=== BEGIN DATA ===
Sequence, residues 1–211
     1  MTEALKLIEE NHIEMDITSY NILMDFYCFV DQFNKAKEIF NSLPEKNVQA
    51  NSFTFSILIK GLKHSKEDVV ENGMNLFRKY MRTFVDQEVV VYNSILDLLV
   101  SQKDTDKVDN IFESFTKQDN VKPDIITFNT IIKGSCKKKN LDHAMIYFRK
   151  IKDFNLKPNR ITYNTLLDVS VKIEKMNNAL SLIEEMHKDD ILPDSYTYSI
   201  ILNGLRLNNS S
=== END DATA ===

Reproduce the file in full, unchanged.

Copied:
Sequence, residues 1–211
     1  MTEALKLIEE NHIEMDITSY NILMDFYCFV DQFNKAKEIF NSLPEKNVQA
    51  NSFTFSILIK GLKHSKEDVV ENGMNLFRKY MRTFVDQEVV VYNSILDLLV
   101  SQKDTDKVDN IFESFTKQDN VKPDIITFNT IIKGSCKKKN LDHAMIYFRK
   151  IKDFNLKPNR ITYNTLLDVS VKIEKMNNAL SLIEEMHKDD ILPDSYTYSI
   201  ILNGLRLNNS S